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That Plagiarist, Shakespeare

The American lady was vociferous in her condemnation: “That Shakespeare was nothing but a plagiarist!”. Her outburst shattered the timeless serenity of the Innerpeffray Library in rural Perthshire. Before her, on a reading cushion, sat The Hystory and Croniklis of Scotland, John Bellenden’s Scots-language paraphrase of the Historia gentis scotorum by Hector Boece. The Croniklis were open at the description of the three weird sisters. The American lady’s shock stemmed from her realisation that it was from this source that the plot of Shakespeare’s Macbeth had been developed.

Boece-Bellenden’s chapter on the reign of Macbeth began by relating ‘ane vncouth and wounderfull thyng’, and described Macbeth and Banquo meeting the three weird sisters. This caused ‘ane gret alteration in ye realme’.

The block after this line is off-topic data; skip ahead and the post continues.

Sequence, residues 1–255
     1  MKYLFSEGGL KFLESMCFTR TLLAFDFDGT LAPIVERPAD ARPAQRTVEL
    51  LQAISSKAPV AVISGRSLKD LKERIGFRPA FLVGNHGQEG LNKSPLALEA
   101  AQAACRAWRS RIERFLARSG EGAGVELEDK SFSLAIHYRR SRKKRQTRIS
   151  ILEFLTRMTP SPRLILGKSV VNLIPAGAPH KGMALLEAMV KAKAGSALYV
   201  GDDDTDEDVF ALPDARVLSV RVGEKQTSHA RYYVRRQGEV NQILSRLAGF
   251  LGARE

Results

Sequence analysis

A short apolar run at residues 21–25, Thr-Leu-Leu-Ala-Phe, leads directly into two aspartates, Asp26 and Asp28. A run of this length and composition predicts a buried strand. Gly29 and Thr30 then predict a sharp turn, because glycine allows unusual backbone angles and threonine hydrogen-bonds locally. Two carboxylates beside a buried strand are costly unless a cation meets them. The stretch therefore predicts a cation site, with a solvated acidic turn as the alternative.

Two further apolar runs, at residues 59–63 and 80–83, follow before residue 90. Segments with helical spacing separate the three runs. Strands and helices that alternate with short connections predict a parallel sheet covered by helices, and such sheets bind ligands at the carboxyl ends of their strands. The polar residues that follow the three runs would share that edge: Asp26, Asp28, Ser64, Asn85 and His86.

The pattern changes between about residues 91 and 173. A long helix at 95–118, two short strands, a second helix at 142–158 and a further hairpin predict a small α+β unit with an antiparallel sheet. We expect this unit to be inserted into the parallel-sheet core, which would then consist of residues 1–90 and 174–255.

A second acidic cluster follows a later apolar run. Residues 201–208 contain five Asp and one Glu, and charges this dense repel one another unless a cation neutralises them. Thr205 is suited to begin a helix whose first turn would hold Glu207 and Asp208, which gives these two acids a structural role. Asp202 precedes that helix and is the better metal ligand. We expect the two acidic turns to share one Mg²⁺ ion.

Hector Boece was born in Dundee in 1465. His early education was at St Andrews University, and continued in Paris. As a student and lecturer there, he met many of the eminent scholars of the time, and was a friend of the great Erasmus. So Boece was the obvious choice for a top-level Scottish university job that came up when, in 1495, William Elphinstone, Bishop of Aberdeen, petitioned Pope Alexander VI, on behalf of King James IV, to establish a university in Scotland’s north-east - Kings College in Old Aberdeen.

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About iScot Magazine

iScot Magazine December 2017 116 jam packed pages of the best craic in Scotland from the only truly independent pro Scottish magazine.